Students can now safely produce a vacuum in a small bell jar right at their lab stations. By reducing the pressure in the microscale bell jar, they can expand a balloon, boil warm water, and even transfer liquids from one pipet to another. They can watch a marshmallow or shaving cream increase in volume as the pressure is reduced and learn about how extremely low pressure affects the world around them. Instead of passively observing a demonstration, students can actively experiment on their own and observe the results right before their eyes.
More advanced high school and college level students can study Boyle's and Raoult's Laws and finally understand the relationship between vapor pressure, temperature, and boiling point. Included with the full instructions and guide is a bonus set of Educational Innovations ideas to challenge you and your students.
Kit includes 8.5 cm (3.5") bell jar, base plate, vacuum pump syringe, suction cup, balloons, pipets, instructions, and Ron Perkins' Thirteen Open-Ended Challenges.
Also Available: GAS-145
These smaller 30 ml syringes are perfect for use with our Microscale Vacuum Apparatus (VAC-10) or Basic Gas Collecting Kit (GAS-300), especially for students with limited hand strength. It will take more strokes to achieve the same results as the 60 ml syringes, but these syringes provide greater control with less effort.
Read more on our Blog - The Microscale Vacuum Apparatus
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great for testing simple 'what if' for pressure vs vacuum situations
Jun 29, 2016 | By Margaret Wiedower of San Diego, CA United States
after school director.
Feb 26, 2015 | By Lou Barrick of Kingfisher, OK United States
Nov 14, 2014 | By Meghan Knapp of Georgetown, KY United States
Great for hands-on learning
Sep 28, 2013 | By Rachel of Virginia Beach, VA United States
May 30, 2012 | By Deena Harper of Quinlan, TX United States
May 23, 2012 | By Dave L. of Olney, MD United States
This is a Must have!!
May 23, 2012 | By Donna Brown of Hoschton, GA United States
May 22, 2012 | By Janine Bennette of Tucson, AZ United States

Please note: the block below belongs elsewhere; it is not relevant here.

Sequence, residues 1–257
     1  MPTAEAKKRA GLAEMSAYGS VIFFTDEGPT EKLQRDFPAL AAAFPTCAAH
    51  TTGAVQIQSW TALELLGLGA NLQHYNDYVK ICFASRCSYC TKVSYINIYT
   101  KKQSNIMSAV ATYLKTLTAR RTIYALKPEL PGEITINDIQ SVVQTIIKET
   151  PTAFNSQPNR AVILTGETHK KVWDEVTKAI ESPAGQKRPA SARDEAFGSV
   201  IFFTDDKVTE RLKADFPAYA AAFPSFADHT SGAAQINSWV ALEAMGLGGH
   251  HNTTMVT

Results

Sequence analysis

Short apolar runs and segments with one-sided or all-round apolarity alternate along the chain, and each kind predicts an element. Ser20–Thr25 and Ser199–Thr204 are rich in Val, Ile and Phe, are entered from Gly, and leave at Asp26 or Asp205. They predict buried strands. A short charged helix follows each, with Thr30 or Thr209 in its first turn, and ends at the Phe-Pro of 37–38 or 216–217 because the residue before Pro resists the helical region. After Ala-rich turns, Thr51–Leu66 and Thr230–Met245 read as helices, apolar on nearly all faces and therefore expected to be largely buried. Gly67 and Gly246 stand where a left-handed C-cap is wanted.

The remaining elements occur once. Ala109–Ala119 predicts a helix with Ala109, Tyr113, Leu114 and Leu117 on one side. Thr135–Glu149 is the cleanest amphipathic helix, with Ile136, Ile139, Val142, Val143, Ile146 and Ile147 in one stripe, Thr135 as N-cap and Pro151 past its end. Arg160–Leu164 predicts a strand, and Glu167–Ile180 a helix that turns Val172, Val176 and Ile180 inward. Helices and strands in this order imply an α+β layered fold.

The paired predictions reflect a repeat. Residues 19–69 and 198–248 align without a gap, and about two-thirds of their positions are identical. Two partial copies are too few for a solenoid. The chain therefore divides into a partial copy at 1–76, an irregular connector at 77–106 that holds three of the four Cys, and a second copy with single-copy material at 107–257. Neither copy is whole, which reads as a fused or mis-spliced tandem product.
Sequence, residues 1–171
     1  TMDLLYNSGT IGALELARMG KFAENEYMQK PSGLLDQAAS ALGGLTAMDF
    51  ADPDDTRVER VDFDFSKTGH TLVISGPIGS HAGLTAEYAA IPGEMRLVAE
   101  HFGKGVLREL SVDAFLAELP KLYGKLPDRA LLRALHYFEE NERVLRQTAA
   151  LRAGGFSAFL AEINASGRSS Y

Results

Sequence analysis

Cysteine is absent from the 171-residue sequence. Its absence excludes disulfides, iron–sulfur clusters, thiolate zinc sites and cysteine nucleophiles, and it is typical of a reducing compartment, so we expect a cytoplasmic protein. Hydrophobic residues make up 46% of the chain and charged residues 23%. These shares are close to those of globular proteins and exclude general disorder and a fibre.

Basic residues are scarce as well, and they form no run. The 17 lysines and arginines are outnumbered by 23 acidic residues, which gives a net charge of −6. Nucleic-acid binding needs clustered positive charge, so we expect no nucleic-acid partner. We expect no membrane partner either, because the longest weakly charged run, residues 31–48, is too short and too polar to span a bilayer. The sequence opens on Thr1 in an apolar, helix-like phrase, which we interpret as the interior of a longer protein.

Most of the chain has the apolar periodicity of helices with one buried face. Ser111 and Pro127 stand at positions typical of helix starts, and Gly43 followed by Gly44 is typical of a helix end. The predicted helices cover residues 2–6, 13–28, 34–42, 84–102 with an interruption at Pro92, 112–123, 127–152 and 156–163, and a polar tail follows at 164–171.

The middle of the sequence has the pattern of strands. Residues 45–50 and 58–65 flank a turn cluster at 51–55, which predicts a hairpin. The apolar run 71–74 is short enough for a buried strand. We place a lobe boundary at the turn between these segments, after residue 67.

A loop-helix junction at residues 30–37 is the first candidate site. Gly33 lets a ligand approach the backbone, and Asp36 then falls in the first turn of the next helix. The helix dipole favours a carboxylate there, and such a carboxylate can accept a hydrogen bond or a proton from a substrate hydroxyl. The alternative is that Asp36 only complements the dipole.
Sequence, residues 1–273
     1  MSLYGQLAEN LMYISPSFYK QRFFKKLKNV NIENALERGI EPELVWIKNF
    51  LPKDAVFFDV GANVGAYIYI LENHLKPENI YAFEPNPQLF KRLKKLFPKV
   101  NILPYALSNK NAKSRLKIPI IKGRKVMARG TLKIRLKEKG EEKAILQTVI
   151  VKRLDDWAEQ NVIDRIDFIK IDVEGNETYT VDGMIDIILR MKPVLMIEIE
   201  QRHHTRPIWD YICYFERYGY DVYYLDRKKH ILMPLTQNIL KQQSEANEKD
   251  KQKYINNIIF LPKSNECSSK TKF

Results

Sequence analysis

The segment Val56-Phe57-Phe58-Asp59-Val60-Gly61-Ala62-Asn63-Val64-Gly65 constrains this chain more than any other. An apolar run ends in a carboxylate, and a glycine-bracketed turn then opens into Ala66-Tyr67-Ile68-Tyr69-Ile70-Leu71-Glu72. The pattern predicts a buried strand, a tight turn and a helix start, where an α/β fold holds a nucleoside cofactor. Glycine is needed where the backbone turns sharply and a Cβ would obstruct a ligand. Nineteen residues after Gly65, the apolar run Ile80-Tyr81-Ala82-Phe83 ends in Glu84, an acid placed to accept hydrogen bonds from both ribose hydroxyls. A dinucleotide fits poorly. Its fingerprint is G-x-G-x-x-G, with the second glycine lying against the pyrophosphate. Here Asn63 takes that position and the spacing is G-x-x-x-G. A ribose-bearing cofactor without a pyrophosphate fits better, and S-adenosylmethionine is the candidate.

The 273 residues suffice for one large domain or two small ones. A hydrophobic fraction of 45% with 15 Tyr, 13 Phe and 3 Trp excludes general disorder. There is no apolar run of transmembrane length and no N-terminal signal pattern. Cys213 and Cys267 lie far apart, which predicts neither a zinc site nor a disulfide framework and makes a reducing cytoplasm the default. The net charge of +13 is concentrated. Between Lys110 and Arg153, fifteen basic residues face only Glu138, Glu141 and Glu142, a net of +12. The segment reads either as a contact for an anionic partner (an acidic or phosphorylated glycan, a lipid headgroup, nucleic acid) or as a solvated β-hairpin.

My Favorite Lab Addition of the Year!
May 17, 2012 | By Maureen Horne of Pleasant Hill, CA United States
Microscale Vacuum Apparatus
May 16, 2012 | By Damon Wahl of North Las Vegas, NV United States
This product will support your students' understanding of the Next Generation Science Standards (NGSS)*, as shown in the table below.
Suggested Science Idea(s)
Students can use the Microscale Vacuum Apparatus to test a variety of materials; plan and conduct an investigation to describe and classify different kinds of materials by their observable properties.
Students can use the Microscale Vacuum Apparatus to plan and conduct an investigation to provide evidence of the effects of balanced and unbalanced forces on the motion of an object.
Students can use the Microscale Vacuum Apparatus in an investigation and develop a simple sketch, drawing, or physical model to illustrate how the shape of an object helps it function as needed to solve a given problem.
Students can use the Microscale Vacuum Apparatus to plan and carry out fair tests in which variables are controlled and failure points are considered to identify aspects of a model or prototype that can be improved.
Students can use the Microscale Vacuum Apparatus to test and evaluate design solutions using a systematic process to determine how well they meet the criteria and constraints of the problem.
Students can use the Microscale Vacuum Apparatus to test and design a solution to complex real-world problem by breaking it down into smaller, more manageable problems that can be solved through engineering.
Students can use the Microscale Vacuum Apparatus to experiment and investigate the effects of the vacuum or fluctuations of air pressure on solids, liquids, and gases.
Place shaving cream in the apparatus and evacuate the air. Then return the air and make observations. Use a variety of materials to classify them.
Observe the Microscale Vacuum Apparatus in action. What purpose does it serve? Design, construct and test your own apparatus that solves a real world problem.
* NGSS is a registered trademark of Achieve. Neither Achieve nor the lead states and partners that developed the Next Generation Science Standards were involved in the production of, and do not endorse, this product.